Seeing people like the Reverend Jessie Jackson weep proves that all the dedication, faith, and struggles that Reverend Jackson and others, including the “Dreamer” himself, Rev., Dr. Martin Luther King. Jr., and the ultimate sacrifice that Dr. King made for the Civil Rights Movement, has finally paid off.
While person after person, especially those old enough to remember the days when blacks were regarded as second class citizens, lamented on how they never thought they would see the day when a black man would become President, I found myself unable to share in that feeling. I understood the sentiment, of course, but to never think it would happen just did not register with me.
Although I grew up as a black man on the heels of the Civil Rights Movement, and am certainly aware of the hard times and the still ongoing battles with prejudice and racism that we continue to fight today, my own battles were never so much about race as disability.
I grew up in a time when people were less accepting of those who were different, and while skin color often separates us based on culture, disability can be a means to separate us from the vast majority of mainstream society.
Being unusually short with crooked arms often felt like being a green-fleshed, 11-tentacled alien from Alpha Centauri whose head constantly spun around while pea soup spewed from its lips.
Add to that the very real distance that my physical disabilities placed between myself and other “normal” children, and you have the makings of one miserable, lonely, bitter man to be.
And yet I never became that man. I was raised by parents who never told me that I couldn’t be whatever I wanted to be. The friends I did have growing up appreciated me for who I was, and I rarely took time away from counting my blessings to fret over the things that I lacked.
Even when, in the 80s, I had trouble deciding what I wanted to do with my life, I never let the prospects of never having my dreams come true deter me from enjoying the life that I did have.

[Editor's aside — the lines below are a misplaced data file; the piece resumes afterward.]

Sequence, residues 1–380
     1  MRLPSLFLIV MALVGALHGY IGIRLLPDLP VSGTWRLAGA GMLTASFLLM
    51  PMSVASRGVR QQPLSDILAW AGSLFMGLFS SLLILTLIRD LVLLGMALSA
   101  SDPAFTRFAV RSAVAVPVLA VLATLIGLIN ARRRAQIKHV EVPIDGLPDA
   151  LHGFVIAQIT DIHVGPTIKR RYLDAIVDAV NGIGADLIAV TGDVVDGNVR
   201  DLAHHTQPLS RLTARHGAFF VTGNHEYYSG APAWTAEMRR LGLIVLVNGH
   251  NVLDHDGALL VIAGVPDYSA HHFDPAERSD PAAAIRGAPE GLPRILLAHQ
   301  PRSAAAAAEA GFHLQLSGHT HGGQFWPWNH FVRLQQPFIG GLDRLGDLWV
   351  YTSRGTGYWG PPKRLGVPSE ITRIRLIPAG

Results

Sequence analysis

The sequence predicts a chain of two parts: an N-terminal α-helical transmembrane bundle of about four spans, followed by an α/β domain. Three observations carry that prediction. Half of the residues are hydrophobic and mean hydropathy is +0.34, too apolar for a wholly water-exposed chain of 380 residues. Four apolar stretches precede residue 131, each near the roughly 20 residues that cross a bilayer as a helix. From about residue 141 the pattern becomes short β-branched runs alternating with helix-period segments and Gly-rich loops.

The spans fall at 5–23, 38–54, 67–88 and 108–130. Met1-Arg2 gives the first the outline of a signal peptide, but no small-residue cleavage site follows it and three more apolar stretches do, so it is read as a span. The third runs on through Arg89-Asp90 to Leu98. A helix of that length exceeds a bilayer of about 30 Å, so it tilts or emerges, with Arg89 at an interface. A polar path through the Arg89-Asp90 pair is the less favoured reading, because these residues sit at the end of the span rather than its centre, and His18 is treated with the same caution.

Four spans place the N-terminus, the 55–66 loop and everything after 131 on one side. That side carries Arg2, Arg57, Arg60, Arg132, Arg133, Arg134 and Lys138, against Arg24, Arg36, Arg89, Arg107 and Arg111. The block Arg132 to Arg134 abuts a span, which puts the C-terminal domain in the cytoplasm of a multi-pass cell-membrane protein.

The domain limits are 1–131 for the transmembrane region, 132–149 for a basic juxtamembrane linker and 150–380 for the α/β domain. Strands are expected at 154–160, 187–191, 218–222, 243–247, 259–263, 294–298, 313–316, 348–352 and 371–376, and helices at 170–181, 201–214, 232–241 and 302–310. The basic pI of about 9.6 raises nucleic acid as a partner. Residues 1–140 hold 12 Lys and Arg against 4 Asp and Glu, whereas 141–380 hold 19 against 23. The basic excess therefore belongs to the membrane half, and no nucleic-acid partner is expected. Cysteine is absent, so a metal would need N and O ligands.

I think that’s why, when Barack Obama took the podium to accept the nomination as the next President of United States, I wasn’t overcome by the emotion of the achievement.
Whereas the President-Elect had “The Audacity of Hope,” I have “The Audacity of Belief.” I believe that anything and everything is possible. I believe that dreams are not unobtainable fantasies, but visualized goals that only we ourselves can prevent ourselves from achieving.
Sometimes it takes all of us, and not just each of us as individuals, to reach such heights, but nevertheless, the only thing we can’t accomplish are the things we fail to pursue with conviction.
The fact that disability remains a barrier today is more a matter of our societal failings to make way for every person to have a fair chance at the life they want, than any limitations our own disabilities place upon us.
As a person who has always loved to draw and create, who is now an author, a publisher, and a graphic designer, I’m proof positive that anything you conceive can be achieved, even if it takes the patience of Job to wait for it to happen.
November 4th, 2008 is a monumental day for all of us, especially those of us who fight for an equal and fair right to live a life free of restrictions. It’s a day when hope, faith, and perseverance triumphed.
And I hope it’s the start of new phase in the evolution in our world when people of any race, sex, national origin, sexual preference, or physical limitation can and will be accepted as worthwhile human beings given equal rights under the law, and I hope and pray that if our newest President accomplishes anything in the next four years, it’s to inspire and lead us into a new era of acceptance and understanding.
As bad as things are in these hard economic times, I think it’s perhaps the greatest time in human history to be alive, because it’s the first time where the prospect of freedom of choice and opportunity for everyone seems to be just over the horizon.
And hopefully we’ll all run together toward that future hand in hand.
I have the audacity to believe that such a future is only a matter of time, and even from the confines of my wheelchair, I intend to run toward it as fast as I can.
How about you?
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